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Wednesday 29 November 2023 Dublin: 1°C
story of my pub

'We just had to let it be': How The Belfry reopened a long-lost local shuttered for years

Stoneybatter’s new arrival on how they opened the doors after years with the shutters down.

ON DECEMBER 8th 2017, The Belfry opened its doors in Stoneybatter for the first time in eight years. The pub had lain empty after changing hands during the recession. Eventually Fergus Kealy and his business partners stepped in.

“We were lucky enough to come in and purchase it,” says Kiely. “Timing was everything.”

Kealy had moved back to Dublin from London and wanted to build a neighbourhood bar. He envisaged it as a traditional local with a modern twist. 

“I loved how these great pubs used to pop up in east London. In real working class areas, you would have a traditional local pub. Someone would come in having worked in central London and do it up while still keeping the character of the pub.”

“There were different elements of the pubs around Stoneybatter that we all loved. The food in Mulligan’s, the pints in Walsh’s, the atmosphere in Dice Bar. We were aware of what the best places offered and we kind of wanted to try put it under one roof.”

After acquiring the pub, they set about doing it up. They were eager to retain many of the pub’s original features all while putting their own stamp on it. Think upcycled furniture and prints designed by local artists. 

“It is quite contemporary, but we didn’t want to let go of that nice pub feeling you get when you go in somewhere,” says Kealy. 

While Stoneybatter may be well served when it comes to pubs, Kealy says he and his business partners identified a key constituency that wasn’t necessarily being catered for. 

“The community is very diverse,” he says. “But there was a section that wasn’t spending their money in the area or drinking locally. They were making the trip into town. I think we’ve hopefully tapped into that a bit.”

“Young professionals are the majority of who we get in here but it’s a nice mix. It’s them and their parents or them and their friends when they come to visit. There’s a real community feel when it comes to our customers.”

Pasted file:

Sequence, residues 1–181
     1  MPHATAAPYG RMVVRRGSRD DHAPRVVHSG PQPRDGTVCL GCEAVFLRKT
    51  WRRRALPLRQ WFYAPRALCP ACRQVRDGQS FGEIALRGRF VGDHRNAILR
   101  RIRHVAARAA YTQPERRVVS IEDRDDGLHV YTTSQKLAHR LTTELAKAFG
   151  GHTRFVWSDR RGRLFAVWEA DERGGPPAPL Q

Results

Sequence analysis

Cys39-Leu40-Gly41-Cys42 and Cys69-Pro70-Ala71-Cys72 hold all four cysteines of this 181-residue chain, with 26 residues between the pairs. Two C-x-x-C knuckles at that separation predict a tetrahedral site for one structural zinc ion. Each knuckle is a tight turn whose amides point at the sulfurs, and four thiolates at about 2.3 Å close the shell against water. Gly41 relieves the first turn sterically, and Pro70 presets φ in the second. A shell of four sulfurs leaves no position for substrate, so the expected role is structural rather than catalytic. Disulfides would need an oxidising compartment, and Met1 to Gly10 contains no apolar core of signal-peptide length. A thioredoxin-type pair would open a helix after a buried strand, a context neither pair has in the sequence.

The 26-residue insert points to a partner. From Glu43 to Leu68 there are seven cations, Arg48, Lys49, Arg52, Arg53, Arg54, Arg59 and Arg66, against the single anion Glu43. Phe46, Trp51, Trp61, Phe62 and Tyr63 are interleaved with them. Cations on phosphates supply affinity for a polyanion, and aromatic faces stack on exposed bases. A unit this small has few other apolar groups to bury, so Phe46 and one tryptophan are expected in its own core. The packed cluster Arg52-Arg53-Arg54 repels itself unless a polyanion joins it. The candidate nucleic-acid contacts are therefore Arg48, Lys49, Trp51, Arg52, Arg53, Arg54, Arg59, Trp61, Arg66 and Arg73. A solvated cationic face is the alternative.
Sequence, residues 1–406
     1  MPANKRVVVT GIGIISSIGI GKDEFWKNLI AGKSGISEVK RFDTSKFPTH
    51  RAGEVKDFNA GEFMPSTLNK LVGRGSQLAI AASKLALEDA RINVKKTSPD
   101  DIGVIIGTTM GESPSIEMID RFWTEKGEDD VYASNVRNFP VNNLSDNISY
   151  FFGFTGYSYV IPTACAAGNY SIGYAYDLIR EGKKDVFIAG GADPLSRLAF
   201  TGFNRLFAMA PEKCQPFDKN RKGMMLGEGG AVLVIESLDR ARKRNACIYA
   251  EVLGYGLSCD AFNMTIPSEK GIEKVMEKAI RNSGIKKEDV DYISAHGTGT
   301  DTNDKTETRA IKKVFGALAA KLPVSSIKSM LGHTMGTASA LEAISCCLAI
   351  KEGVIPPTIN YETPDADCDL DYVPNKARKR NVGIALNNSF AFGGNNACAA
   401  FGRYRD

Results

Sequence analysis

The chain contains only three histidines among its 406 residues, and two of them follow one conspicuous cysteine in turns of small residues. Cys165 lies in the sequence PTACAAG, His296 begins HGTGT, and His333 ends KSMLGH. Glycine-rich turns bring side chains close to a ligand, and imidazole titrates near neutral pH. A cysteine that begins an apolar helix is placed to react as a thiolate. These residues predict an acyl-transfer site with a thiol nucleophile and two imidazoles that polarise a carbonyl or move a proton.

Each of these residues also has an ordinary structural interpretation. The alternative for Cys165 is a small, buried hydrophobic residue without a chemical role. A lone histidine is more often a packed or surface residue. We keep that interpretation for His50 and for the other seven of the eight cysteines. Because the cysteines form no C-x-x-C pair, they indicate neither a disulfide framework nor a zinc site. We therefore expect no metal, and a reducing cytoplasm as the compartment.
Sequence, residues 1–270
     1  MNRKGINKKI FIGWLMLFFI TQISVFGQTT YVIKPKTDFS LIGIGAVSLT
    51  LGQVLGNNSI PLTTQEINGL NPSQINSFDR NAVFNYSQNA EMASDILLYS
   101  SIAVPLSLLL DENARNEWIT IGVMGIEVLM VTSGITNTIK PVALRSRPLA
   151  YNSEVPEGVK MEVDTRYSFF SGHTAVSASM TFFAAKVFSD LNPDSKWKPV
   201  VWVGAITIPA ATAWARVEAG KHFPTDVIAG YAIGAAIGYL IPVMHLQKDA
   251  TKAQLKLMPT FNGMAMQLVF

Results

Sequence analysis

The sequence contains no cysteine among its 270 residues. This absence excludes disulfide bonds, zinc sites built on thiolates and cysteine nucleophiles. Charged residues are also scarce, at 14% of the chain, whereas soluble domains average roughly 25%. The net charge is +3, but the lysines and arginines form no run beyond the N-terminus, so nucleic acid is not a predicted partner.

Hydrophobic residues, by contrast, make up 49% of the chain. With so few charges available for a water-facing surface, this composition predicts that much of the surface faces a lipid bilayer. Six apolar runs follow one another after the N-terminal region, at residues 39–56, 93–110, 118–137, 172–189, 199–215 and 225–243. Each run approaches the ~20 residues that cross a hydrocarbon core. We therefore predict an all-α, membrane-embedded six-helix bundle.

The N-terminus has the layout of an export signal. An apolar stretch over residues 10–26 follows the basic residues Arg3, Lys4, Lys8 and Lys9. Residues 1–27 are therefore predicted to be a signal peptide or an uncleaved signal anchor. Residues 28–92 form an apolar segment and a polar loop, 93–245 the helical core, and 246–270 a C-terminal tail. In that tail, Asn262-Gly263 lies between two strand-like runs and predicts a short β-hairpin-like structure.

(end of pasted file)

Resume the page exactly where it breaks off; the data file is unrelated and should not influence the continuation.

Since opening, The Belfry has become a foodie destination of sorts, having wholeheartedly embraced the food truck trend. The pub regularly invites vendors to serve up grub in the outdoor area. Regulars include Village Pizza, Vurgerface, Feashty and The Taco Truck.

“We want to give people the opportunity to do their own thing,” says Kealy.

When it comes to the drinks offering, the pub is decidedly diverse with old favourites and crafty brews happily coexisting side by side. 

“When we opened, I was adamant that a pint of Guinness would be €4.80, which was reflective of where we were positioned,” says Kealy. “But we also put 26 taps in. We have craft beers and taps that rotate.”

Additionally, the pub stocks nearly 40 gins and sells wine by the glass.

“The idea was to give as much product choice as possible,” says Kealy. “We sell out of something different the whole time.” 


Kealy says the pub’s first year in business was a resounding success, but a steep learning curve. 

“You have to watch how people react. When we started, we were having DJs at the weekend and live music. None of that really clicked. People just wanted to come and enjoy a nice drink in a chilled atmosphere. We found when we stopped pushing, we started doing better.”

“We were trying to offer more, but the second we sat back and let it be was when it really started to flourish.”

So what can locals expect from year two? 

For one thing, Kealy says there are plans afoot to extend the beer garden ahead of the summer. The pub is also keen to continue its work within the community and intends on working with the likes of Pride and Stoneybatter Festival. Likewise, there are plans to host more exhibitions for local artists. 

“We just want to keep the momentum going,” he says. 

More: ‘You can see the whites of their eyes’: How Coughlan’s went from quiet local to happening spot>

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